Monday, 14 July 2014

The neuroscience of animation - how your brain's wiring makes you like cartoons

Your brain, but animated
At this year's SAS (Society of Animation Studies) conference in Toronto, a number of presentations focused on the subject of Animation and the Mind - The Neuroscience of Animation. This field of research tries to look at animation from a neuroscientific point of view, asking what it is about the design and structure of our brains that influences how we watch and enjoy animation. It's field that asks not just which cartoons we like, but why we like them, on a level that digs deep below our subconscious.

Bugs Bunny. Copyright: Warner Bros
Stephane Colgnon from Belgium argued that “Animated cartoons are caricatures in motion”. He looked at the Neuroscience of caricature, suggesting that cartoon characters are essentially a caricatures of human babies, designed to eleicit an “aww…. cute!” reaction among adult humans. In other words, the design of bugs bunny (for example) is created - no doubt unconsciously - to provoke an exaggerated neurological reaction. In other words, in neuroscientific terms, "exaggeration works".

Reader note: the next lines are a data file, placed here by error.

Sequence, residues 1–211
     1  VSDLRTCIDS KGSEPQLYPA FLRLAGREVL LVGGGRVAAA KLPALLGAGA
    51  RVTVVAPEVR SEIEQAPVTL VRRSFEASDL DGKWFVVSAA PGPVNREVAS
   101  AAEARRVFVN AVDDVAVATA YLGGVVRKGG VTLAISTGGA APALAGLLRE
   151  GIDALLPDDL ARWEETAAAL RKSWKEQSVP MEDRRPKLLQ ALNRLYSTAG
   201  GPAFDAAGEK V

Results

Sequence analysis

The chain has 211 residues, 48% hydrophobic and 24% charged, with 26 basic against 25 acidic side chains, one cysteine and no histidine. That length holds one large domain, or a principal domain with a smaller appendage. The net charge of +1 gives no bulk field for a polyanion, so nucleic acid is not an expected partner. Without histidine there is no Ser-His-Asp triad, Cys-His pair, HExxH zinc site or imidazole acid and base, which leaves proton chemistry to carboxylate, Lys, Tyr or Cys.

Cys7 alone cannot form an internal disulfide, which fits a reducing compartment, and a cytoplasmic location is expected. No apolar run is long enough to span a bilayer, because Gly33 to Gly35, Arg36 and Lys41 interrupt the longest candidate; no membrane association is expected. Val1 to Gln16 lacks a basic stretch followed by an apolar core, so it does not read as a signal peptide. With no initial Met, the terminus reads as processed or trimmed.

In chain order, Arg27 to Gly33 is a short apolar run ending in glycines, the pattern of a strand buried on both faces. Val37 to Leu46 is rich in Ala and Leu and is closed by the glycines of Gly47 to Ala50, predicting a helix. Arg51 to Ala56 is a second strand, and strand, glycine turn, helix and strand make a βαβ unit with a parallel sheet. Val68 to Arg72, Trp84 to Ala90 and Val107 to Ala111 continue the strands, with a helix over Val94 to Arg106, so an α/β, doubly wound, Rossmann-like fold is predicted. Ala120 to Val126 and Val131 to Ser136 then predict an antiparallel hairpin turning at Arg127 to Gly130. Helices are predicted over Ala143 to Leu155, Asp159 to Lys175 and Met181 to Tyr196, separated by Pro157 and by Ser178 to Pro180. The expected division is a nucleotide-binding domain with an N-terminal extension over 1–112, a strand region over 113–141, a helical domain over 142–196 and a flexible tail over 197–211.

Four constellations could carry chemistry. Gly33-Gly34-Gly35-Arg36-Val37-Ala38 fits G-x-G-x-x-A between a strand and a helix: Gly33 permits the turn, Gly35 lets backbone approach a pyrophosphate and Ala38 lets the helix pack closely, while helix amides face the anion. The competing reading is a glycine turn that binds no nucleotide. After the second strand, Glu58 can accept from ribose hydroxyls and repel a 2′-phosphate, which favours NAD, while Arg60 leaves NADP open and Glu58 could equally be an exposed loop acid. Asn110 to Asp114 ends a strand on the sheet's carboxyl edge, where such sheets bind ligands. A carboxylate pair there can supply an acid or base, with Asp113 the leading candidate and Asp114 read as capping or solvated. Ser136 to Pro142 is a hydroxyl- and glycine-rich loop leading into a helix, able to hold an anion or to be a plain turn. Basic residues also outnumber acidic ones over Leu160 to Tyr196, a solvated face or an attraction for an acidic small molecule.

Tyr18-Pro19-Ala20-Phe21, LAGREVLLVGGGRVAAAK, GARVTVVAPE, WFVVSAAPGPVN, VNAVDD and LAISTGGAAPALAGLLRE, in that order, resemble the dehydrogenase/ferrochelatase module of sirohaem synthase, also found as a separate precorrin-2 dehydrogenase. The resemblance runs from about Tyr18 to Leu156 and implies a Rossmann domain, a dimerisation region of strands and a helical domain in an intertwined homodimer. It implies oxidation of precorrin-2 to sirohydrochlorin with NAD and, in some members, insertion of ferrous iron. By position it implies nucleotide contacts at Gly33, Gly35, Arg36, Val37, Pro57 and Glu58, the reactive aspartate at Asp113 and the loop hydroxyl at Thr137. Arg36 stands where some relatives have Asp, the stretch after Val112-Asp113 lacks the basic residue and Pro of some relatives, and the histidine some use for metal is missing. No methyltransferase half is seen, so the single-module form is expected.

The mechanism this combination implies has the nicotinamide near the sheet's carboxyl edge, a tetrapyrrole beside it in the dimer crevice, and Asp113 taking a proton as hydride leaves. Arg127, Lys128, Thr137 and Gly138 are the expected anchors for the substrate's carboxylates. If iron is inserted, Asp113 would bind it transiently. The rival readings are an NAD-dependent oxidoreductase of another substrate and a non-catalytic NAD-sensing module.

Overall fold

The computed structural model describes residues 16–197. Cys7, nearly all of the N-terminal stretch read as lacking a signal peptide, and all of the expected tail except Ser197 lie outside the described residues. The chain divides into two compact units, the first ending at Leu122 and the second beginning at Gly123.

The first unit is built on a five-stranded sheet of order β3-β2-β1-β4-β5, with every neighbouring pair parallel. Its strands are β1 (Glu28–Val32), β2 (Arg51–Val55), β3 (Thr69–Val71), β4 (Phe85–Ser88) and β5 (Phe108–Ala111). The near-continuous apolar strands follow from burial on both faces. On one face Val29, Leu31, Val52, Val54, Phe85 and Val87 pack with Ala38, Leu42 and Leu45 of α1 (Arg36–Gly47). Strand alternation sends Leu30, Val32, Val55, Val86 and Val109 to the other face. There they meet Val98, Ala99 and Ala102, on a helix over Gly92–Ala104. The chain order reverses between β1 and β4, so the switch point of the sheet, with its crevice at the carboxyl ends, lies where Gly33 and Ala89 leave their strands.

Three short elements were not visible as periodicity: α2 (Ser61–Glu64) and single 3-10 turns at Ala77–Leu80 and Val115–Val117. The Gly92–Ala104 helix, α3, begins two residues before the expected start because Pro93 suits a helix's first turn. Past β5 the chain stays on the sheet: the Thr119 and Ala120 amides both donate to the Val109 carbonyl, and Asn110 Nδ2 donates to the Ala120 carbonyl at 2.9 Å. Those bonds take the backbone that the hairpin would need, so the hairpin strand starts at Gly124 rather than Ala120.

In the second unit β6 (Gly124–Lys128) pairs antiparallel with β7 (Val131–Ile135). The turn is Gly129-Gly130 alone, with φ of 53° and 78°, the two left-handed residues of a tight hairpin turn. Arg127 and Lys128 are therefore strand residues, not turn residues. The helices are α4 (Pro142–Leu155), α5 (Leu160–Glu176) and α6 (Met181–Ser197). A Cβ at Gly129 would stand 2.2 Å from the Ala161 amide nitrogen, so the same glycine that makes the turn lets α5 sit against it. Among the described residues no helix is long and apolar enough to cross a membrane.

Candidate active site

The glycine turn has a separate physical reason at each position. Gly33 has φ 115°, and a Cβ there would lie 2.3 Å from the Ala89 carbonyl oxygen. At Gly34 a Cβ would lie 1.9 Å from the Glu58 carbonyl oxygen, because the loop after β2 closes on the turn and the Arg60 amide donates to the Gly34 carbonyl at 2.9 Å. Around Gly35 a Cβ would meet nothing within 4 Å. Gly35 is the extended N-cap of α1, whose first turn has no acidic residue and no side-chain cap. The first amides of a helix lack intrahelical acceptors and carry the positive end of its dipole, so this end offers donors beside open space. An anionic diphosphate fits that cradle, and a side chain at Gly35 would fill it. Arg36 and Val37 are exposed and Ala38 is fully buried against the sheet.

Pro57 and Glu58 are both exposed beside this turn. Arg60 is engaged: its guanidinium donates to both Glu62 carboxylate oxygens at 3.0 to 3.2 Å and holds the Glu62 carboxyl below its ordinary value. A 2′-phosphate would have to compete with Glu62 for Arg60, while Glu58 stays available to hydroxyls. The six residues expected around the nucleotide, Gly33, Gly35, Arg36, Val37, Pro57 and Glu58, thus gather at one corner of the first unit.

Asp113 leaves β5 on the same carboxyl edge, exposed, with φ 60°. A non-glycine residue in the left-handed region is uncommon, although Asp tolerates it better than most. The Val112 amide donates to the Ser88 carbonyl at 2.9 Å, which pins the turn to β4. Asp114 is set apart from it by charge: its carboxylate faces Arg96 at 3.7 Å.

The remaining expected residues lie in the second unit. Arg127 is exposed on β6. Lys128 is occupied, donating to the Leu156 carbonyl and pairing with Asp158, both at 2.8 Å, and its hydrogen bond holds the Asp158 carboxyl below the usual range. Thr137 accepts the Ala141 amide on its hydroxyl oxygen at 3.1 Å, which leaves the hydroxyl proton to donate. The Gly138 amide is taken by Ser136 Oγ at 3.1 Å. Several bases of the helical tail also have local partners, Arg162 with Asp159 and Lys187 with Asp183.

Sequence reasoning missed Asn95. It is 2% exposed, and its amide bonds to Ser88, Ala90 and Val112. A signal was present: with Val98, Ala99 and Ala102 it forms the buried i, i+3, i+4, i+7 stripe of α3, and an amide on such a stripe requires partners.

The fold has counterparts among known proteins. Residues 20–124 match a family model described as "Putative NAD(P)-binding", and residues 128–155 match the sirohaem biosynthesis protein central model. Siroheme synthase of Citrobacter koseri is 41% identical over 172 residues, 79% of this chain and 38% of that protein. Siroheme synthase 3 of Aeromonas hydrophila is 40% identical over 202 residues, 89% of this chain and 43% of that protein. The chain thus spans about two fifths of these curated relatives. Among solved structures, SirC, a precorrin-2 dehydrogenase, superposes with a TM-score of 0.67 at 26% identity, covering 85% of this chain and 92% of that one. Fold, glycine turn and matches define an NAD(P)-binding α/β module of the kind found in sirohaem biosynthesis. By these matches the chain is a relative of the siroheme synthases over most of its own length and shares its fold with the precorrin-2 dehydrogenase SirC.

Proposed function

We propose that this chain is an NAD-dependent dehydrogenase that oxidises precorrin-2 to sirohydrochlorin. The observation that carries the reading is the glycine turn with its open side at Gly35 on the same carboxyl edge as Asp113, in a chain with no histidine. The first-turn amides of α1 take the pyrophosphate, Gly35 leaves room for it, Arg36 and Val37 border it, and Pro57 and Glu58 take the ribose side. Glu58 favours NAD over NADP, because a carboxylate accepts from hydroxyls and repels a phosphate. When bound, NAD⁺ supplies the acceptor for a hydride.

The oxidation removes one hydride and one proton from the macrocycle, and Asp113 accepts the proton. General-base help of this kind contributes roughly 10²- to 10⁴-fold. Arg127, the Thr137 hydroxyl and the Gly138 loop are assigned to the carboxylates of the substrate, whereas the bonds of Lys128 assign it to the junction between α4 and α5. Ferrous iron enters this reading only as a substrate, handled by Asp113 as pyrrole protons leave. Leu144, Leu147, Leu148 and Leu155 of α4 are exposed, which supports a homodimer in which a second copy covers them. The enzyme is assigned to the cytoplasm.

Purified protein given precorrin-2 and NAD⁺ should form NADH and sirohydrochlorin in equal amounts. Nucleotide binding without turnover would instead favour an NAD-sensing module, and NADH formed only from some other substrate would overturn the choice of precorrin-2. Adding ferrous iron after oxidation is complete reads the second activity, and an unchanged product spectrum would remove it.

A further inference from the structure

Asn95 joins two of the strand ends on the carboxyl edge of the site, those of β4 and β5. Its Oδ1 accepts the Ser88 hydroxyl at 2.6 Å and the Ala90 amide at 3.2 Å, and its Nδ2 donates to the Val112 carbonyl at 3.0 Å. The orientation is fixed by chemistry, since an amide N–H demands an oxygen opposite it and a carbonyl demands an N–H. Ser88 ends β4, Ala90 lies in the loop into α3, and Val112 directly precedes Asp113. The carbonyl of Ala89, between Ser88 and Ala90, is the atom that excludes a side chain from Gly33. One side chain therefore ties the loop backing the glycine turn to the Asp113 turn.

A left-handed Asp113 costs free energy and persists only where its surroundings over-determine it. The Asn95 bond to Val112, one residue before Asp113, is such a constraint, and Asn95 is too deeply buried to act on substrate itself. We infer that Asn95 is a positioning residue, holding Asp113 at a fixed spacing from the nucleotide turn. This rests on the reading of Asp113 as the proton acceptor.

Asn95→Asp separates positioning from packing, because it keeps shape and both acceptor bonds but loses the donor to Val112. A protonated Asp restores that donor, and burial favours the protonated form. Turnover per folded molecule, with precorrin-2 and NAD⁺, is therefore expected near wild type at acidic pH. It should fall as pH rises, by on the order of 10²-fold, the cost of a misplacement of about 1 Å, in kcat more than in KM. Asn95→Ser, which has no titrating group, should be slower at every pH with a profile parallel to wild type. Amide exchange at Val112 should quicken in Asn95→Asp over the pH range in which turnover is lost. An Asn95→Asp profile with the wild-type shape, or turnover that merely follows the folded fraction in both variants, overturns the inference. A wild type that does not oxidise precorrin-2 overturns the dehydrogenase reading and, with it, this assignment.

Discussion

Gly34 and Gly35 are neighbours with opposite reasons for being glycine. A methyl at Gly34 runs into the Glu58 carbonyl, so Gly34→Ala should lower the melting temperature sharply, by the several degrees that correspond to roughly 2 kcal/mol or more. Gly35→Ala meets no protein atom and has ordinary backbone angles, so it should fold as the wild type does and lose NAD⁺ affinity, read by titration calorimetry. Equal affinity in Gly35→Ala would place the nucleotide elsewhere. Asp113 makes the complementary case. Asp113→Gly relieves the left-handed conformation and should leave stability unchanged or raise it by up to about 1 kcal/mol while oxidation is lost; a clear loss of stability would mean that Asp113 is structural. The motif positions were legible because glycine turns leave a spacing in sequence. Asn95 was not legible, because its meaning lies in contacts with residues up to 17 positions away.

Stephane argued that "Studies have shown that humans like babies that are caricatured and more “babyish” than real babies. It’s like women who have a boob job – it speaks to our wiring. Cartoon design works because its how your brain works".

Baby Herman - exaggerated cuteness
Ann Owen, of Falmouth University, in her talk "Seeing the real. A neuroscientific perspective on stop motion animation", argued that Stop motion animation in particular "provokes a nostalgic simulation of childhood ativities".

Films like James and The Giant Peach "provoke nostalgic emotions" in the audience. Hence stop motion films are "full of toys, and other old-fashioned things". These items "provoke a sense of pleasure" in adult audiences, remembering their own childhoods.

Stop motion: "uncanny"
Ann went on to talk about "The Uncanny" in Stop Motion films, such as Tim Burton's Nightmare Before Christmas. She quoted Sigmund Freud, suggesting that this kind of work "reminds us of the mortality of our own bodies". For example, "remove a character’s eyes, and we can no longer simulate...we cannot predict their intentions...we feel the mutilation in our own bodies."

However, Tim Burton's work is more "faux uncanny", than real uncanny. The audience gets it - it's just a joke. We're "not really spooked".

So now you know. Our enjoyment of animation is just an extension of the wiring of our brains. So next time you want to design a cute character, don't go to a character designer - just ask your nearest neuroscientist.


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